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Black Sea enters access-denial age

Octavian Manea   |   Brief  |   01/22/2015   |   5 Pages


Power politics is back. Globally, revisionist actors have started developing access-denial systems aimed at the traditional comparative advantages of the U.S. power projection model. As a consequence, deterrence umbrellas and classical reassurance packages based on rapid reaction forces might no longer be adequate. Sooner or later, these trends will be felt in the Black Sea region which can become a no-go area for NATO presence due to an emerging A2/AD Russian bubble.[1]

At exactly one hundred years since the start of World War One, 2014 was a year of major tectonic shocks for the global security. It was the time when long established realities of the international system came under assault. The collapse of the frontier between Iraq and Syria, the rise of a rogue pseudo-state controlled by ISIL, the creation of separatist republics in Eastern Ukraine are some of the new facts on a shifting ground.

For some, 2014 will be regarded as the year when the end of history, the Nirvana of the 1990s and the formative mindset for many current European elites, simply ended.[2] Power politics became once again the norm of the day as shown by the annexation of Crimea. It was particularly the time when anti-Western regimes that are not responsible stakeholders and don’t recognize the rules of the road started actively to subvert them, to “question their validity in their present form and have made clear that they would work to modify them”.[3]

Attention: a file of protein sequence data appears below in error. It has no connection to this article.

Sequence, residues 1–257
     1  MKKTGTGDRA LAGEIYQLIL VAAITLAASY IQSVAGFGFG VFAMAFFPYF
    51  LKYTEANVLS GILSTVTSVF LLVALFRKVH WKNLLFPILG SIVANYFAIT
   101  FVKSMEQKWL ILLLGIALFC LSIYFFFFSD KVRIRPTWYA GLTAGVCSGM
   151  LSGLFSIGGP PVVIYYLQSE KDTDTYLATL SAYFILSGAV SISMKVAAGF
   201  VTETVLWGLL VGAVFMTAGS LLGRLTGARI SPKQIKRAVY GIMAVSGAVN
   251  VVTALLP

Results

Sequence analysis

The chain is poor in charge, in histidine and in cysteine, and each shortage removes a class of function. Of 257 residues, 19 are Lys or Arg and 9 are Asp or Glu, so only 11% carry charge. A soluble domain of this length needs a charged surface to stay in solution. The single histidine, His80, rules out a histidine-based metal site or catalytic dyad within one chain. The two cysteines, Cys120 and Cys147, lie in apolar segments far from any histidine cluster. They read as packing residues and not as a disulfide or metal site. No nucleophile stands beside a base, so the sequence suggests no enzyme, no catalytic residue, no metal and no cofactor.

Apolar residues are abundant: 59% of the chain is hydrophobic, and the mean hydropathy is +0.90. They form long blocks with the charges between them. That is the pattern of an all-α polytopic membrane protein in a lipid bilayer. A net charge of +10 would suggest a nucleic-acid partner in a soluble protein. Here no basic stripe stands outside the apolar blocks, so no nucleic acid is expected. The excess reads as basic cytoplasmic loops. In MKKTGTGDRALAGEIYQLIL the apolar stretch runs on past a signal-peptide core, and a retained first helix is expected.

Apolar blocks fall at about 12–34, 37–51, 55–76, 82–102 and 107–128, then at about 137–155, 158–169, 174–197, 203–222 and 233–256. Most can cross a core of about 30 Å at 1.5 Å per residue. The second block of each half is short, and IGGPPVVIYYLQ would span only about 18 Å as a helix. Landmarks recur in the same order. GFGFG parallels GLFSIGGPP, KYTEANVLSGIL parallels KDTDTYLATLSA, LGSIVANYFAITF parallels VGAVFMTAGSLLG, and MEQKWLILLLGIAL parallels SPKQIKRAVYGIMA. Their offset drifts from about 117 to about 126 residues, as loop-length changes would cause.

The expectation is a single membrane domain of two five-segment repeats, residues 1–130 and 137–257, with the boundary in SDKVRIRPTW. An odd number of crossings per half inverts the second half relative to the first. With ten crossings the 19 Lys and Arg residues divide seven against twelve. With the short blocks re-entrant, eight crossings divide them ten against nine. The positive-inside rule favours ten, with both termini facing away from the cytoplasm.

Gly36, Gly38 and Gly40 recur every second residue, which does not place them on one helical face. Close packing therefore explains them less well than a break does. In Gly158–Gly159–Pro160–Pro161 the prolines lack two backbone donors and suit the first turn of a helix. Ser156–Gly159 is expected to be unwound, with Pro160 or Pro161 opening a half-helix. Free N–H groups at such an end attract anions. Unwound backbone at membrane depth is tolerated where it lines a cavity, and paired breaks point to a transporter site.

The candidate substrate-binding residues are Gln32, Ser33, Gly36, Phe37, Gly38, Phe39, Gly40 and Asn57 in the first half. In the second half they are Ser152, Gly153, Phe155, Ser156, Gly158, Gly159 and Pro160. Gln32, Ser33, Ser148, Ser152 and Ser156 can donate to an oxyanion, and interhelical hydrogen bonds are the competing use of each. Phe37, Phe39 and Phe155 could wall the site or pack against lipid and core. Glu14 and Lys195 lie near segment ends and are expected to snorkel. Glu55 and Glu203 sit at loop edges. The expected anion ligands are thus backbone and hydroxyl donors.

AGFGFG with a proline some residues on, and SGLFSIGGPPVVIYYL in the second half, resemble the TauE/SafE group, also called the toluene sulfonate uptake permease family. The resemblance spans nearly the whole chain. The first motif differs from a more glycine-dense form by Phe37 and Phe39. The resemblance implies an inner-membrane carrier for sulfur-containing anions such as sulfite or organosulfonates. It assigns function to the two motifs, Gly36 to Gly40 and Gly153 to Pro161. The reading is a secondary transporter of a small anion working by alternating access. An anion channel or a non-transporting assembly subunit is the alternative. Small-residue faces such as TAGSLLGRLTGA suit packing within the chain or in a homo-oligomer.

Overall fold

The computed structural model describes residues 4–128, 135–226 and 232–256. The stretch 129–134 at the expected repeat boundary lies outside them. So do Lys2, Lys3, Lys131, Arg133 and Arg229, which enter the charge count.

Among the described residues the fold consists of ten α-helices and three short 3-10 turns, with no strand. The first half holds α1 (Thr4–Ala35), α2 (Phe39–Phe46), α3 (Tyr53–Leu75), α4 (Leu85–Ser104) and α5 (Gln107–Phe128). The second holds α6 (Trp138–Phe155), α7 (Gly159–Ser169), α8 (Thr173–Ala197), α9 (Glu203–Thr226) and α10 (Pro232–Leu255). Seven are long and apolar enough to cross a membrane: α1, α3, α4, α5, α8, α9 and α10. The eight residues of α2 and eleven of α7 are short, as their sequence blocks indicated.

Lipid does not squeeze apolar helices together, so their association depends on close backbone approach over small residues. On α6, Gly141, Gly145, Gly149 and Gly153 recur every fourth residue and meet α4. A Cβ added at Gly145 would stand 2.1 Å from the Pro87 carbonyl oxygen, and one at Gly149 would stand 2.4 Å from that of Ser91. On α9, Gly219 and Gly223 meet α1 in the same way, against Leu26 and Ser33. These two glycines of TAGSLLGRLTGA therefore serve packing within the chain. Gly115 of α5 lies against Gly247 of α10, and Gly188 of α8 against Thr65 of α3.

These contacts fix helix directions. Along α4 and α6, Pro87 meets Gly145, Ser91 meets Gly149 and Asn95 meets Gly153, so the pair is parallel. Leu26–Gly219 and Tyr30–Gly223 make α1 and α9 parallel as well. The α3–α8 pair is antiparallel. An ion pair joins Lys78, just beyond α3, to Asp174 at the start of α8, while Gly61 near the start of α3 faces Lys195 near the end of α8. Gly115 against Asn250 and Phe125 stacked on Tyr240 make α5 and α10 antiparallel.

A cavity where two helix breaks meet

For others, 2014 provided a sentiment of disintegration of “any sense of a framework, an order, a system in which peace and stability could be restored”.[4] It is in this larger context that the collapse of the post-Cold War consensus, mainly the principles that created its foundation, happened. The 1975 Helsinki Final Act, the 1990 Paris Charter for Europe, the 1994 Budapest memorandum – the core features of the post-Cold War normative framework – all are in question. The problem is that “when you have a collapse of order, you can expect all kinds of things”.[5] For sure, assumptions about how we read and assess the regional security landscape need to change:

it is no longer appropriate to have a mindset that thinks in the binary world of war and peace; campaign or contingency. The world is now in a permanent state of competition. We are in an age of continuous engagement.[6]

Larger global trends

All this sense of collapsing order comes in a moment when the traditional enforcer of global rules is no longer what it used to be. The U.S. is engulfed by a myriad of internal crises and overwhelmed by calls for intervention from literally everywhere. Moreover, the insidious challengers of American power like Beijing and Moscow have started to build weapon systems able to contest the technological comparative advantages that provided U.S. the ability to control land, air, space and sea. In fact, the competition is developing a vanguard of denial capabilities – anti-ship, anti-air, counter-space, cyber, electronic warfare – aimed at U.S. traditional advantages. This is the reality that consumed the top Pentagon leadership during the past year. In September 2014, U.S. Secretary of Defense Chuck Hagel gave a speech in Rhode Island where he highlighted the special features of the long-term, comprehensive military modernization programs assumed by China and Russia that “appear designed to counter traditional U.S. military advantages – in particular, our ability to project power to any region across the globe by surging aircraft, ships, troops, and supplies. All this suggests that we are entering an era where American dominance on the seas, in the skies, and in space – not to mention cyberspace – can no longer be taken for granted”.[7]